• Infections
  • Brain injury or defects
  • Substance abuse
  • Poor nutrition
  • Exposure to toxins (such as lead)


  • Acute psychological trauma in childhood — for example, emotional, physical, or sexual abuse
  • The loss of a parent or other close loved one in childhood
  • Neglect
  • Divorce
  • Low sense self-worth, inadequacy, anxiety, loneliness, anger


  • Substance use by one’s parents
  • Abuse by one’s parents
  • Dysfunctional family life
  • Cultural expectations (for instance, eating disorders can be exacerbated in a culture that equates being thin with being beautiful)
  • Changing schools or jobs

How does Maharishi AyurVeda understand mental illness?

The 3000-year old texts of AyurVeda, including Charaka Samhita, clearly define mental illness. They describe specific causes (etiologies) and recommended treatments for all of the mental disorders, including anxiety, depression, schizophrenia, bipolar disorder, obsessive-compulsive disorder, intellectual disabilities, dementia, post traumatic stress, and substance abuse disorders. There is also a chapter on preventing mental illness.

Over the centuries since its inception, key elements of Ayurveda became lost or misunderstood. Maharishi AyurVeda represents the rediscovery of AyurVeda in its totality

Like modern medicine, Maharishi Ayurveda understands mental illness to stem from a variety of causes, including heredity, perinatal, behavioral, psychological, physiological, and environmental factors.  The Maharishi AyurVedic approach takes this understanding to the deepest level, explaining that these material imbalances stem from imbalances at the level of consciousness where it manifests as matter.

Is mental illness treatable?

Yes. Most people diagnosed with a serious mental illness can find relief from their symptoms by participating actively in an individual treatment plan.

If left untreated, mental illness can lead to staggering consequences for individuals and society: unnecessary disability, unemployment, substance abuse, homelessness, inappropriate incarceration, suicide, and wasted lives.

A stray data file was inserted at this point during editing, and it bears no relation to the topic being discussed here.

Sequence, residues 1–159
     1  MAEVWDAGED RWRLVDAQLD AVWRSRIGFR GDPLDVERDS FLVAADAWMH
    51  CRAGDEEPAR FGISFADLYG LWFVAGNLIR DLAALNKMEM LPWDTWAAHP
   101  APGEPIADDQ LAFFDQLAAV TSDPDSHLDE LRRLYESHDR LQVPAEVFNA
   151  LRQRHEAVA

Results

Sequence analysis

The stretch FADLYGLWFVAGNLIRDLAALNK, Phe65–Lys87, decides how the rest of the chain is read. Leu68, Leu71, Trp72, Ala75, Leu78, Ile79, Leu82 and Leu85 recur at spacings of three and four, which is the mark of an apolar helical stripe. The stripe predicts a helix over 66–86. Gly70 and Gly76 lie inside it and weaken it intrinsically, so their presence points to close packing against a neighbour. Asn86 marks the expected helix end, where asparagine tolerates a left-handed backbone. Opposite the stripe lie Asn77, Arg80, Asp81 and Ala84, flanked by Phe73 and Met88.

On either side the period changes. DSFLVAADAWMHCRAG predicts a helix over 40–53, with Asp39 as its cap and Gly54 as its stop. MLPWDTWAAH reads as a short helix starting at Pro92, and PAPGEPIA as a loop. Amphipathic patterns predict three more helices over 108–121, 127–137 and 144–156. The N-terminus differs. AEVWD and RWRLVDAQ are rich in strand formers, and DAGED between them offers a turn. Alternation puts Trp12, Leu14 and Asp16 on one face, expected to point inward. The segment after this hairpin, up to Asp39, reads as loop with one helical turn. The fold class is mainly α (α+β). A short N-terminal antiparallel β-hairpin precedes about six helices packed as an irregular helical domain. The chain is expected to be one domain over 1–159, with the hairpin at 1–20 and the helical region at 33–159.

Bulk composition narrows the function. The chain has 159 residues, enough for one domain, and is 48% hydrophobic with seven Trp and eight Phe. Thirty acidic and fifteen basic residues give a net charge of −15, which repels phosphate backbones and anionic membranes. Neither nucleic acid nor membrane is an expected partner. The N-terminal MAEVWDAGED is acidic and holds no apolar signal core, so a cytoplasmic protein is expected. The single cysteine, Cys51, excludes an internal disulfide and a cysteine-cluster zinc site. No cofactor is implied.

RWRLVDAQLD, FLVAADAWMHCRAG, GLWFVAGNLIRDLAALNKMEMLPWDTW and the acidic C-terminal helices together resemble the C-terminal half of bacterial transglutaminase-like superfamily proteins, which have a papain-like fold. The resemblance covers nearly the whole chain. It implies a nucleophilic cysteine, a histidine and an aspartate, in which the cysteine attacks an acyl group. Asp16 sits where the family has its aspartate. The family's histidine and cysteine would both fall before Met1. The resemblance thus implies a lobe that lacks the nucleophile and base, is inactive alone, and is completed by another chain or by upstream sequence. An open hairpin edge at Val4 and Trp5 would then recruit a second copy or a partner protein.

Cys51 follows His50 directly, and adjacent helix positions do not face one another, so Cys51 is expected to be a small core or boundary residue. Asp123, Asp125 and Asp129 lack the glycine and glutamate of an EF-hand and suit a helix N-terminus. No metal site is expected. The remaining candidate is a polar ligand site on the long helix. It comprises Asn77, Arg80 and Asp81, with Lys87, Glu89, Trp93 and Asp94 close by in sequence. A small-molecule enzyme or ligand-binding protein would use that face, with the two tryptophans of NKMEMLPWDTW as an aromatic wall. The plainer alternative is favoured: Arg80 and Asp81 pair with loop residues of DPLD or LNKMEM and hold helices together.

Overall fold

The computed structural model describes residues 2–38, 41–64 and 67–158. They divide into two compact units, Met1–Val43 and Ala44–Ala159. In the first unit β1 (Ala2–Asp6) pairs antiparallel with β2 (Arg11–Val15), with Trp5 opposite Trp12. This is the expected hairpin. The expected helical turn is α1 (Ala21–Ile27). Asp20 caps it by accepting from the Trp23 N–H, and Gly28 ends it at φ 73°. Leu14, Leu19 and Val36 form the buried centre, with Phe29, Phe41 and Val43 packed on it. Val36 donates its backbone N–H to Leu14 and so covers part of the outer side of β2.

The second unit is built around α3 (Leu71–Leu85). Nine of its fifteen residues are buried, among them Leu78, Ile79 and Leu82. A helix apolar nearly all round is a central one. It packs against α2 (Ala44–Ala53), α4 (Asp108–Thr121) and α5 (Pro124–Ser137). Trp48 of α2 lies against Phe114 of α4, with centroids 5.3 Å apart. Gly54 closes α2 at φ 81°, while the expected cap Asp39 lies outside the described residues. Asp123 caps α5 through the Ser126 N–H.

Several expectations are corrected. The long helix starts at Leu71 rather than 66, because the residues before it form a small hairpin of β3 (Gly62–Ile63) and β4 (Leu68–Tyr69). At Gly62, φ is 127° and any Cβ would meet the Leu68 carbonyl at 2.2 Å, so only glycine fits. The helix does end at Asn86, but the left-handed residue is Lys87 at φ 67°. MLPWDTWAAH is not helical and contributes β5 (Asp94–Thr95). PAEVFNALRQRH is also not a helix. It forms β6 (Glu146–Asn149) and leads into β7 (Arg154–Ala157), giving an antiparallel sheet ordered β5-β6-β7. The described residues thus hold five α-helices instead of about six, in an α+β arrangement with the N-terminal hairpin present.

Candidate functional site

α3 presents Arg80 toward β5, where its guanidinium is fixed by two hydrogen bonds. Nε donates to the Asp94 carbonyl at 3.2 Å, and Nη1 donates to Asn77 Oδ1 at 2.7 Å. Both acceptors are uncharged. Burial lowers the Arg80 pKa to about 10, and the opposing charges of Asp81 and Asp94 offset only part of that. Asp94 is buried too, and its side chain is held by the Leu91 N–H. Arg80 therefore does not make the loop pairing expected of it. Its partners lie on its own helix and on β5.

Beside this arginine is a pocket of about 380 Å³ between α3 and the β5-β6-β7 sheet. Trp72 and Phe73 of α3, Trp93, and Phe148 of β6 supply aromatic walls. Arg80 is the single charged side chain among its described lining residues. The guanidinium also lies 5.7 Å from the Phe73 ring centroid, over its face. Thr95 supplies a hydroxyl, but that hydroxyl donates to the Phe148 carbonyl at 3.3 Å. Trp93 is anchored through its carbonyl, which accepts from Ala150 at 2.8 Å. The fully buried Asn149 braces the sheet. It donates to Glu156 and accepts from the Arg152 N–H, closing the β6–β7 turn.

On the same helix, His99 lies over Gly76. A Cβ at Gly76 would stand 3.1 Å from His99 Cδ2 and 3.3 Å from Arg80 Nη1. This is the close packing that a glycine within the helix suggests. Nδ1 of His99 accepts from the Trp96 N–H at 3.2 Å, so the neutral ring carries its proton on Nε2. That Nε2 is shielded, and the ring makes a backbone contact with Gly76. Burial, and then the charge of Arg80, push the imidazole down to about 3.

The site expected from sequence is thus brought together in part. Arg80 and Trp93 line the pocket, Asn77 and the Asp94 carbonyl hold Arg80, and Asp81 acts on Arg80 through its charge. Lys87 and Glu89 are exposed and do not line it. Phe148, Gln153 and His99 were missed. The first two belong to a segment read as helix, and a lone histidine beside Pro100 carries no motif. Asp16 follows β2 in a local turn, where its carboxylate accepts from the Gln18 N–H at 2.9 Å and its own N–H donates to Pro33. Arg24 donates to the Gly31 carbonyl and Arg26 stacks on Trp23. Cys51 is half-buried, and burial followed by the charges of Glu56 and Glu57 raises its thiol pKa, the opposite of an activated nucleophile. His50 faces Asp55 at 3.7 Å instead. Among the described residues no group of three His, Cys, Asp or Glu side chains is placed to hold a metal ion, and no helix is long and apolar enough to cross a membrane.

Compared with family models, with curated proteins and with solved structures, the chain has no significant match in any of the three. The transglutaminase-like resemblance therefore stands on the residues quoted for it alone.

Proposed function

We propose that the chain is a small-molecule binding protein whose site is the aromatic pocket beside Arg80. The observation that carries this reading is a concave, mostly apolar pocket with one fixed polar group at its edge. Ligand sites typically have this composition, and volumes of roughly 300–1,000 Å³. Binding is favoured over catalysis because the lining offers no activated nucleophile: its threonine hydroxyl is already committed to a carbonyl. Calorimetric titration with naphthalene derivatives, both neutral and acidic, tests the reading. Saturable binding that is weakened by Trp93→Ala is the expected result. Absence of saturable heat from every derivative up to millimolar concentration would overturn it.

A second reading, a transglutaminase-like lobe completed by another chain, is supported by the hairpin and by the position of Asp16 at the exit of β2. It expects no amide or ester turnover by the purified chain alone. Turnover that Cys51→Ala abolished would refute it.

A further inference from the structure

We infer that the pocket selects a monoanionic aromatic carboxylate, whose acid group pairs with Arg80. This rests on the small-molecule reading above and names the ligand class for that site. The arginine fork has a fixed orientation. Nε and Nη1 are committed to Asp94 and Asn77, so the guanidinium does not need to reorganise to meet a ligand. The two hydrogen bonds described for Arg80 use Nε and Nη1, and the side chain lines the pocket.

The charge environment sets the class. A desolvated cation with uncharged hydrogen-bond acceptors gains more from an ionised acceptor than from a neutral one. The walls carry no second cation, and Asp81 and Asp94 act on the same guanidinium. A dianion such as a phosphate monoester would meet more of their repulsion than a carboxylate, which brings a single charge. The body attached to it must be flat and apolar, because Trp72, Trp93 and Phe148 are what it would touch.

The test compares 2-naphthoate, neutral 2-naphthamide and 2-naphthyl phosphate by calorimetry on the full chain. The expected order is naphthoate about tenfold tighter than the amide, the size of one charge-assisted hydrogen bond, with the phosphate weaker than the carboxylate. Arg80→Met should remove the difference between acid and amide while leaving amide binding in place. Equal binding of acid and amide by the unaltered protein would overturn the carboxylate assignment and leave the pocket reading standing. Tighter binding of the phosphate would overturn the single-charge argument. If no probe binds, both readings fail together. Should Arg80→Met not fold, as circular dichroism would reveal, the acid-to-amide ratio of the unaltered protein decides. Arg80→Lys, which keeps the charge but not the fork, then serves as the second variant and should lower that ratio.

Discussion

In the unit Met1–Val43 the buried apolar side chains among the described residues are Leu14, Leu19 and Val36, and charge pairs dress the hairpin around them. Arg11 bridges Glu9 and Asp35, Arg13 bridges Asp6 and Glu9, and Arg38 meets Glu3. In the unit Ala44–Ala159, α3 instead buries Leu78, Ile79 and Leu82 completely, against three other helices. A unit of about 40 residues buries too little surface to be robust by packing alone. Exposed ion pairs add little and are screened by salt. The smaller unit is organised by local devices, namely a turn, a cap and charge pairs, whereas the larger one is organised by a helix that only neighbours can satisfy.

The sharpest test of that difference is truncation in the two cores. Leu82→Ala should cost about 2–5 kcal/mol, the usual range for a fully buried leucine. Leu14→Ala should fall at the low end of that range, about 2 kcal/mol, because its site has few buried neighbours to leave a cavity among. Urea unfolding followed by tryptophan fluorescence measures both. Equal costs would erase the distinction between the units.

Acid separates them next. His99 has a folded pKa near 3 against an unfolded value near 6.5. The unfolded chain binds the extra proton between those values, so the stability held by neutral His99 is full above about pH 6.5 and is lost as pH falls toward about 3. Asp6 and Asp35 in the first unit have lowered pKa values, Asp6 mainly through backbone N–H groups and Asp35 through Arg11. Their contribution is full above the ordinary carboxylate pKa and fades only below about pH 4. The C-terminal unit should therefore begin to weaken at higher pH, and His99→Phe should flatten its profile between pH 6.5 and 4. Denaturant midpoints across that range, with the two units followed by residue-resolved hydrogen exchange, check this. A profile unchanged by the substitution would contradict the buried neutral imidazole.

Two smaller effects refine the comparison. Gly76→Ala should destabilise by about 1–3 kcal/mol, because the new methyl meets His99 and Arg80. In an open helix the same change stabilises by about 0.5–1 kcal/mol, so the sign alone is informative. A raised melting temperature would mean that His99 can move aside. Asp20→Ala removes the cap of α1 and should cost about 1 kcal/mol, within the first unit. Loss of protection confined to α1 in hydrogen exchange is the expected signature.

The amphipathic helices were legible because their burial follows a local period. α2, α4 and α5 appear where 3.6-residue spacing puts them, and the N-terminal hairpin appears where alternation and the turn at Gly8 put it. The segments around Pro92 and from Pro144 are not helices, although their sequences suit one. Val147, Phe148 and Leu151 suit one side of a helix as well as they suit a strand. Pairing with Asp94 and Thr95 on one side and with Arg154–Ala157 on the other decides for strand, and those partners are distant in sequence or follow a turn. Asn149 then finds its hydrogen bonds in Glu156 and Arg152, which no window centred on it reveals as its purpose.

What modern treatments for psychological health problems have been proven effective?

A number of treatments have proven useful in alleviating the symptoms of mental illness. These include medication treatment (pharmaceuticals), psychosocial treatment (for example, cognitive behavioral therapy), interpersonal therapy, peer support groups, and other community services.

Eating a good diet, getting enough sleep and exercise, enjoying time with friends, and participating in meaningful activity also support recovery from mental illness.

The best treatments for serious mental illnesses today are highly effective. Pharmacological and psychosocial treatments lead to a significant reduction of symptoms and enhanced quality of life for 70–90% of people who take advantage of them.

The earlier the illness is diagnosed and treatment is begun, the faster the recovery and the less harm the illness will do.

Mental illnesses are serious medical conditions. They cannot be overcome through “will power,” any more than physical illness can.

What is the effect of Transcendental Meditation on psychological health?

Scientific research provides compelling evidence that the Transcendental Meditation® program (TM) and its related techniques and bodies of knowledge (including Maharishi AyurVeda) bring a collection of benefits unprecedented in the science of modern psychology.

These benefits include reduced stress and anxiety, improved well-being, improved social adjustment, balanced personality development and self-actualization, increased happiness, accompanied by positive changes in brain functioning and neurochemistry and overall better physical health.

What is the relation between conventional approaches and TM practice?